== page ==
Written by Dave Levinthal
Your daily dose of news and tidbits from the world of money in politics:
Nearly 160 federally registered lobbyists have collectively raised about $9 million during the past year for federal parties and candidates, the Washington Post's Dan Eggen reports in his paper's Sunday editions.
Eggen's report, based on relatively new information available through the Federal Election Commission, indicates the Democratic Congressional Campaign Committee and Democratic Senatorial Campaign Committee are so far the top recipients of lobbyist-generated campaign cash, with the National Republican Senatorial Committee, Sen. Chuck Schumer (D-N.Y.) and the National Republican Congressional Committee rounding out the top five.
Top lobbyists-cum-campaign cash bundlers include Ben Barnes, Brian L. Wolff and Tony Podesta -- all notable names on Washington's K Street, just a block away from OpenSecrets.org's offices.
Podesta, for one, represented 46 different clients during the first quarter of 2010, our research indicates. Among these clients: Google, Wal-Mart, Bank of America and embattled oil company BP.
In Politics, Is Corporate Image Everything?
That's the question another notable Washington Post scribe, Carol D. Leonnig, proffers in today's edition while exploring how corporations and trade groups involve themselves in political elections "without leaving tracks."
In short? Very carefully, particularly in the aftermath of the Supreme Court's recent Citizens United v. Federal Election Commission decision.
"They want to exercise it, but not in a way that will antagonize members of Congress or customers or employees," Leonnig quotes McKenna Long & Aldridge campaign finance law expert Stefan Passantino as saying about corporation's political speech rights.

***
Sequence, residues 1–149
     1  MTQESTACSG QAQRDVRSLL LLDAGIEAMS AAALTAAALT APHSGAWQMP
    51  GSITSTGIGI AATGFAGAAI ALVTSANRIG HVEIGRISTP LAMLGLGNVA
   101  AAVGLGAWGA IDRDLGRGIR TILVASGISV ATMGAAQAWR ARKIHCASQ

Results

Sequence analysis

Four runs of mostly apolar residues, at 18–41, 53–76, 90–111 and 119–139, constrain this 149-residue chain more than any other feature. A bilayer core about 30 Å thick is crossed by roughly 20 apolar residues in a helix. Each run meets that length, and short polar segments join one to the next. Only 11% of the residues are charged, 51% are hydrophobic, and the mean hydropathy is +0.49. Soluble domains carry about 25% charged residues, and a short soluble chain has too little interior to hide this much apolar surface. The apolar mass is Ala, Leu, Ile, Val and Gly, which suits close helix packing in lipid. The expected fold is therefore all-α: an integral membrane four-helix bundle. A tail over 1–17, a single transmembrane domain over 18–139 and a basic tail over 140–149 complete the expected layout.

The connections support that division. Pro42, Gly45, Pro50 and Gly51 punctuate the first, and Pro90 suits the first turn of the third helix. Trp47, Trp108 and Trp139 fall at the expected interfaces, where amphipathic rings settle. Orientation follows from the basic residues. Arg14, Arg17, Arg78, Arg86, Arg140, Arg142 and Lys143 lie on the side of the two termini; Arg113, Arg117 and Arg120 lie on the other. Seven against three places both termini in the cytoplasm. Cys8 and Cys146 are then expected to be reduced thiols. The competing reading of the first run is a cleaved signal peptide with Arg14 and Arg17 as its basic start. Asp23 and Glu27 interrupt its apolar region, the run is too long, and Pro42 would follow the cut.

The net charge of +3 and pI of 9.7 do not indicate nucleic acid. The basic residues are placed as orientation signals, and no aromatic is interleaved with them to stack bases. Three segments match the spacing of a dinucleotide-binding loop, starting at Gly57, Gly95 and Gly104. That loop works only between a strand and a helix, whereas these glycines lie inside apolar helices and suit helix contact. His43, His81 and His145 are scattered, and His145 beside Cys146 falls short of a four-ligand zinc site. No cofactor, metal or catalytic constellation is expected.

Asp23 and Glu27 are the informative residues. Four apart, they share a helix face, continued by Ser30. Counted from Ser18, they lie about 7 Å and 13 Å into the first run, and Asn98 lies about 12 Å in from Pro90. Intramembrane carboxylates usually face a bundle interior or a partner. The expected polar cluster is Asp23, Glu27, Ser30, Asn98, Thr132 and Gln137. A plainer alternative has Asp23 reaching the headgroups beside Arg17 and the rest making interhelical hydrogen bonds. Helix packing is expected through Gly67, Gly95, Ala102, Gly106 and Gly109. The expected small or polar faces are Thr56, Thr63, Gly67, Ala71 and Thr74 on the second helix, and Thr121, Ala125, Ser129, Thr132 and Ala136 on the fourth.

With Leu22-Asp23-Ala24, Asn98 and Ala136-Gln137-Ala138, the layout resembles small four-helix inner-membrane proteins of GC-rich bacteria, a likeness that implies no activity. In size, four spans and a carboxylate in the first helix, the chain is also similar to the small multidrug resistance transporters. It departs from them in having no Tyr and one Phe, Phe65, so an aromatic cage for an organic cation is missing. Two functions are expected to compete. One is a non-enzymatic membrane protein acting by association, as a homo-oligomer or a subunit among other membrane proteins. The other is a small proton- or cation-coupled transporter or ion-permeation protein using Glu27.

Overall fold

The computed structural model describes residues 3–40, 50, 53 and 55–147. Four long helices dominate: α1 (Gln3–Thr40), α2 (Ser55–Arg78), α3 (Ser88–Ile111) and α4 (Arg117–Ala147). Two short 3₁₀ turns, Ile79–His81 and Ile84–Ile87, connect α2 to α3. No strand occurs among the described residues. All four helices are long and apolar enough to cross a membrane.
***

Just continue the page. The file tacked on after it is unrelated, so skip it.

To date, precious few corporations, unions or trade groups have used the rights granted to them via the Citizens United v. FEC decision. Of course, it's relatively early in the 2010 election cycle, at least in terms of political advertising regarding federal races -- most of that will arrive in the weeks immediately preceding November elections.
In the meantime, use this chart as an imperfect, but potentially useful barometer indicating what kind of companies have the most ravenous political appetites.
What it shows: how much money individuals and political action committees associated with certain industries have given to federal political interests during the 2010 election cycle. If certain companies, unions and trade associations ultimately begin writing checks from their treasuries to support or oppose specific political candidates, they may very well come from the industries that top this list.
Dave Levinthal, Communications Director. Dave directs the Center for Responsive Politics' original journalism and blogging, and serves as its spokesman. Prior to joining the Center in June 2009, Dave worked at The Dallas Morning News from 2003 to 2009, reporting on Dallas City Hall and national politics. Originally from Buffalo, N.Y., Dave received bachelor's degrees in newspaper journalism and political philosophy from Syracuse University, where he worked as editor in chief of The Daily Orange.